Love Letter to Alsace is a series of essays about my trip to the Alsace region of France in May 2015. It was of the most delightful adventures I’ve ever experienced! I hope you will enjoy reading about different aspects of the trip, from traveling to the destination, to stories about the lovely towns and villages we visited, and more.
After reading about my trip to the Alsace region of France, should you care to follow in my happy, dancing footsteps, here’s some information on traveling there from the U.S. Now, it might seem like this information should be the last post because, after all, what if you read all about Alsace and decide you don’t care if you ever see it or not? Unlikely (in my very prejudiced view), but possible.
Well, never mind. This is how I planned the trip and I’m going to write up the whole shebang chronologically. And here’s a new map for you, so you can see what we were up against.
Although there is a Strasbourg Airport, it’s pretty small. You certainly could find a way to fly into Strasbourg from the United States, but you would definitely have to connect through a larger European city and your ticket would be much more expensive. I love looking at maps, by the way, so I soon discovered that the nearest major airport was in Frankfurt, Germany.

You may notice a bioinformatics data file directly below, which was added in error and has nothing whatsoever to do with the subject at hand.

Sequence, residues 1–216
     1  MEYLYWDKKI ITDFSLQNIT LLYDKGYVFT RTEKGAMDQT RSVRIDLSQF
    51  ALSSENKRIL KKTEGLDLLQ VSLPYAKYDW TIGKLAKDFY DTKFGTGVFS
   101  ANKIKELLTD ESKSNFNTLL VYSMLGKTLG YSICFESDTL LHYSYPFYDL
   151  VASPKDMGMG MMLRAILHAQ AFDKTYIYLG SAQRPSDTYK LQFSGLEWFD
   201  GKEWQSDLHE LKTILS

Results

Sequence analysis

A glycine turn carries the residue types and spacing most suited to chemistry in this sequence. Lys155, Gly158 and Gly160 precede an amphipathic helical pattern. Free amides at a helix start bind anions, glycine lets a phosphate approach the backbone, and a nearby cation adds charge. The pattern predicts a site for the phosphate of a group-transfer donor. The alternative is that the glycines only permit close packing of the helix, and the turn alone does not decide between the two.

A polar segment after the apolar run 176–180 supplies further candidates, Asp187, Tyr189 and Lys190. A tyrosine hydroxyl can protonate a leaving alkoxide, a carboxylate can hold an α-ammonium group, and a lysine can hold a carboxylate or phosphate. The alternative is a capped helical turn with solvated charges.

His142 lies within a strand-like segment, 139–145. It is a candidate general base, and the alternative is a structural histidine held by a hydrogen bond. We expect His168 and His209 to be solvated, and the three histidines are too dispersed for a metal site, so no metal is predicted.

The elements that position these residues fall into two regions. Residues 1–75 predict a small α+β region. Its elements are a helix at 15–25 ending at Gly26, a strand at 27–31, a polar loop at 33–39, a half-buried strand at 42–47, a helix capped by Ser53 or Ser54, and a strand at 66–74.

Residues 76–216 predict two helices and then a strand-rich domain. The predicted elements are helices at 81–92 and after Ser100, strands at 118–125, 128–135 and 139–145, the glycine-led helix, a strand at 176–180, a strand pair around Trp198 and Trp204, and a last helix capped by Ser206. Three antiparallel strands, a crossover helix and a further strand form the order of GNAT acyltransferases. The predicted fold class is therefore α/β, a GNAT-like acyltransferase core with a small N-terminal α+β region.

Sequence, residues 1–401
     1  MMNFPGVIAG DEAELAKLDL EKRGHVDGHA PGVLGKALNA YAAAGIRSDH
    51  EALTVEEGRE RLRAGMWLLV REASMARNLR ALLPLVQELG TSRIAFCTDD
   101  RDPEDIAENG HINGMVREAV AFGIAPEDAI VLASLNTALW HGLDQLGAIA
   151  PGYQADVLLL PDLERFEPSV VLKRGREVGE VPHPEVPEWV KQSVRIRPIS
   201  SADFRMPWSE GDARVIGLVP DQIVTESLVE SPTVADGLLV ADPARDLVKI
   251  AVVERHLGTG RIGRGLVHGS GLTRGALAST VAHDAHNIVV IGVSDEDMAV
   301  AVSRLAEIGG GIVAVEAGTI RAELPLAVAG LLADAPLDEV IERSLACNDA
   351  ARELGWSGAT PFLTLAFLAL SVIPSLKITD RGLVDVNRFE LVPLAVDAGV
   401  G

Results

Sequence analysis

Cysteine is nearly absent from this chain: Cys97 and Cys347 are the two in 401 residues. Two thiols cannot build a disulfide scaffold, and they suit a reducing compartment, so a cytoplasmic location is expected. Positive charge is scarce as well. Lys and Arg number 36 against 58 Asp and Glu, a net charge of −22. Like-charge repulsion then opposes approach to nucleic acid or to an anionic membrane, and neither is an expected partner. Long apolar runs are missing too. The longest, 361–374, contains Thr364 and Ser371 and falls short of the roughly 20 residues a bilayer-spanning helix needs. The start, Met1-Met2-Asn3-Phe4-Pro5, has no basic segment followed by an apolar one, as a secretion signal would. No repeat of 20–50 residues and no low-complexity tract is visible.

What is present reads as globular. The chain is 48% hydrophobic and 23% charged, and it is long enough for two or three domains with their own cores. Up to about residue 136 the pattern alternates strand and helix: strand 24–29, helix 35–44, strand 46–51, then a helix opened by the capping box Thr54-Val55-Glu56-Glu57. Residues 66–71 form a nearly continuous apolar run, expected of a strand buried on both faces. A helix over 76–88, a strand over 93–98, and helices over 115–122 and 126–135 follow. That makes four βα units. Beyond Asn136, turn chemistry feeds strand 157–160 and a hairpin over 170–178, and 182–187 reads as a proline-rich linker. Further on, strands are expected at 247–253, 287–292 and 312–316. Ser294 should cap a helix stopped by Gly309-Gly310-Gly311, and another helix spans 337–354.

Now, the Frankfurt airport is HUGE. It’s Lufthansa’s home airport and serves as a hub for all kinds of connections throughout not only Europe, but the world. It’s the third largest airport in Europe, 11th largest in the world, and about 60 million passengers go through this mammoth facility each year. They also serve really great soft pretzels.
Typically, you get the best fares between busy airports, simply because so many airlines service them and there’s decent competition. Basic economics. So I already knew that flying from a major North American city to Frankfurt would offer plenty of options at competitive rates (especially if you can be flexible about dates and days of the week for travel). Sue was able to splurge a little and get a United flight direct from San Francisco to Frankfurt. I chose to use some of my United miles for my ticket and ended up flying from Cleveland to Toronto to Frankfurt on Air Canada, then return on Lufthansa to Toronto to Cleveland (United, Lufthansa, Air Canada and others belonging to the Star Alliance work together to share flight options).